Wheat, lentils, garlic, apples, goldfish - what are you thankful for? Not only is today the first day of Spring, today is Norooz, the Persian New Year. As an Iranian American woman, I am very proud to say that I celebrate the Persian New Year.
As today is the first day of the March equinox, the origin of Norooz comes from the mythical Persian King, Jamshid who rightfully saved all of humanity by defeating Winter. Jamshid constructed a throne made out of gemstones where he had demons raise him above the earth, into the heavens where he sat shining ever so brightly like the sun. The entire world gathered around Jamshid, proclaiming that this was the first day of "Nowruz" or New Day. Norooz's origin comes from Zoroastrianism and Mithraism.
Spring cleaning and shopping are both two major activities Persians utilize before preparing for the new year. A clean house is highly auspicious. Decorating is also a must. And buying yourself a beautiful outfit represents change. In addition to cleaning and shopping, Persians are expected to make short visits to family and friends. Often times elders are visited first. Food is heavily embraced, as Persian tea, pastries and cookies are often served. Dried fruits are also part of this lifelong tradition.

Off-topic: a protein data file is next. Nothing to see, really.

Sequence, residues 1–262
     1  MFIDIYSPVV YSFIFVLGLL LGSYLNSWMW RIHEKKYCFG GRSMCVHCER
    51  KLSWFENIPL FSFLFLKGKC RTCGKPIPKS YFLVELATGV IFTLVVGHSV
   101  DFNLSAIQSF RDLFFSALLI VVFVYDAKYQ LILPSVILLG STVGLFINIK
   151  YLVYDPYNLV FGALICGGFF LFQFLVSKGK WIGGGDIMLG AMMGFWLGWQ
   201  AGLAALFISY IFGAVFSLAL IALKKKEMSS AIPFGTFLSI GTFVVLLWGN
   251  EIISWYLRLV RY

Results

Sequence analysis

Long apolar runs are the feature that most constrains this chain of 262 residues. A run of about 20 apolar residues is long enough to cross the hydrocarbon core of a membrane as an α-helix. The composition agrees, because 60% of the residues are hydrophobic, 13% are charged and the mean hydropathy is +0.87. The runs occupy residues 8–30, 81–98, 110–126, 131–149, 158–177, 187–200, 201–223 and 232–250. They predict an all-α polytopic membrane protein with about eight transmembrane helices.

Upon arrival of the Persian New Year, a haft sin table is prepared, as this table is deeply rooted with immense symbolism. A traditional haft sin table consists of Sabze, Samanu, Sumac, Vinegar, Apple, Garlic and Persian Olives. Additionally, it also includes a mirror, candles, eggs, coins, goldish and hyacinth as well as the traditional Persian sweets. A book of wisdom, primarily one of faith (Bible, Avesta, Quran, etc.) may also be placed on the haft sin table.
The sun, the moon, the star, the heart, the eye, the life. Today I am thankful, blessed, honored and grateful for everything in life. A new dawn, a new day, a new noon, a new sun, a new eve, a new night, a new sky, a new life. Nowruz Mobarak! Happy Norooz!